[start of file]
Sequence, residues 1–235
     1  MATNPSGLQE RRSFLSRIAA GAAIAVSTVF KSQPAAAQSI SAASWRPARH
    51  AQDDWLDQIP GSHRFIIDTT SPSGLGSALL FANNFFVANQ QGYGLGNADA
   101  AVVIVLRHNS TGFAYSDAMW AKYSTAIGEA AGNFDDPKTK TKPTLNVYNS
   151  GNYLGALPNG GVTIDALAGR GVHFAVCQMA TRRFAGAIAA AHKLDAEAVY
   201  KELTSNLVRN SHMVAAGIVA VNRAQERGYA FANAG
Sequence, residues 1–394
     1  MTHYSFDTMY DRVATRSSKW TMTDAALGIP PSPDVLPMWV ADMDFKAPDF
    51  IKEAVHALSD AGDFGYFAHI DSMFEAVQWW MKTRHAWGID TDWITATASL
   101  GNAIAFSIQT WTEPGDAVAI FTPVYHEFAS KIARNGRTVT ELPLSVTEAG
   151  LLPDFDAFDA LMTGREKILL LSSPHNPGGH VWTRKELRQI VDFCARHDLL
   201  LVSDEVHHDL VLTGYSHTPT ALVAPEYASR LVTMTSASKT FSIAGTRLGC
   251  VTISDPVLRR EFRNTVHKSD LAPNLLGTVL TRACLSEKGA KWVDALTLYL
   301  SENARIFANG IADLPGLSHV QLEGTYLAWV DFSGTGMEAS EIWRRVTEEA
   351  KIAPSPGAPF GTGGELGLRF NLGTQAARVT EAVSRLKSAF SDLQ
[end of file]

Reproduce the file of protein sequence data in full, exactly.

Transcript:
Sequence, residues 1–235
     1  MATNPSGLQE RRSFLSRIAA GAAIAVSTVF KSQPAAAQSI SAASWRPARH
    51  AQDDWLDQIP GSHRFIIDTT SPSGLGSALL FANNFFVANQ QGYGLGNADA
   101  AVVIVLRHNS TGFAYSDAMW AKYSTAIGEA AGNFDDPKTK TKPTLNVYNS
   151  GNYLGALPNG GVTIDALAGR GVHFAVCQMA TRRFAGAIAA AHKLDAEAVY
   201  KELTSNLVRN SHMVAAGIVA VNRAQERGYA FANAG
Sequence, residues 1–394
     1  MTHYSFDTMY DRVATRSSKW TMTDAALGIP PSPDVLPMWV ADMDFKAPDF
    51  IKEAVHALSD AGDFGYFAHI DSMFEAVQWW MKTRHAWGID TDWITATASL
   101  GNAIAFSIQT WTEPGDAVAI FTPVYHEFAS KIARNGRTVT ELPLSVTEAG
   151  LLPDFDAFDA LMTGREKILL LSSPHNPGGH VWTRKELRQI VDFCARHDLL
   201  LVSDEVHHDL VLTGYSHTPT ALVAPEYASR LVTMTSASKT FSIAGTRLGC
   251  VTISDPVLRR EFRNTVHKSD LAPNLLGTVL TRACLSEKGA KWVDALTLYL
   301  SENARIFANG IADLPGLSHV QLEGTYLAWV DFSGTGMEAS EIWRRVTEEA
   351  KIAPSPGAPF GTGGELGLRF NLGTQAARVT EAVSRLKSAF SDLQ